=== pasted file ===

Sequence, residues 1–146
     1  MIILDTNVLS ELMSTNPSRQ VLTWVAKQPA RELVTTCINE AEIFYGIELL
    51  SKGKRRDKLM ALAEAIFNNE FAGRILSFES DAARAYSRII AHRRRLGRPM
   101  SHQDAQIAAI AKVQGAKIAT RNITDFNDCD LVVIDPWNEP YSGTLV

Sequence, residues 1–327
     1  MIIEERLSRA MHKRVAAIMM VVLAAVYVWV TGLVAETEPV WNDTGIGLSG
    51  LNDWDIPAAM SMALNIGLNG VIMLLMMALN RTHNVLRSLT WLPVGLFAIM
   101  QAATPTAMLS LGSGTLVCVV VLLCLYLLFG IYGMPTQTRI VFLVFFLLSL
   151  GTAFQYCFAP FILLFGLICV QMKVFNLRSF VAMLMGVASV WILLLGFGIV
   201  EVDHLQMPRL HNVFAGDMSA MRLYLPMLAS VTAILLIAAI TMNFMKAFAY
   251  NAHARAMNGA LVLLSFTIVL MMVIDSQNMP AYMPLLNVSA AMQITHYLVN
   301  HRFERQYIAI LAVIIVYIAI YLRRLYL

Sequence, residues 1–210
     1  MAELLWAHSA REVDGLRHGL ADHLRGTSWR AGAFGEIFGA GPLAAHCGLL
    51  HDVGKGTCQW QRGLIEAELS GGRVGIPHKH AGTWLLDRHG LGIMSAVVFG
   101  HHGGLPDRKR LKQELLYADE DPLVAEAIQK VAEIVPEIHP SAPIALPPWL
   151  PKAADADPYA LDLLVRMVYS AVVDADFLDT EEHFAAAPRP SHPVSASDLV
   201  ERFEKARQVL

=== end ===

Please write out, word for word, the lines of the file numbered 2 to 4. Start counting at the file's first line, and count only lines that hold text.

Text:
     1  MIILDTNVLS ELMSTNPSRQ VLTWVAKQPA RELVTTCINE AEIFYGIELL
    51  SKGKRRDKLM ALAEAIFNNE FAGRILSFES DAARAYSRII AHRRRLGRPM
   101  SHQDAQIAAI AKVQGAKIAT RNITDFNDCD LVVIDPWNEP YSGTLV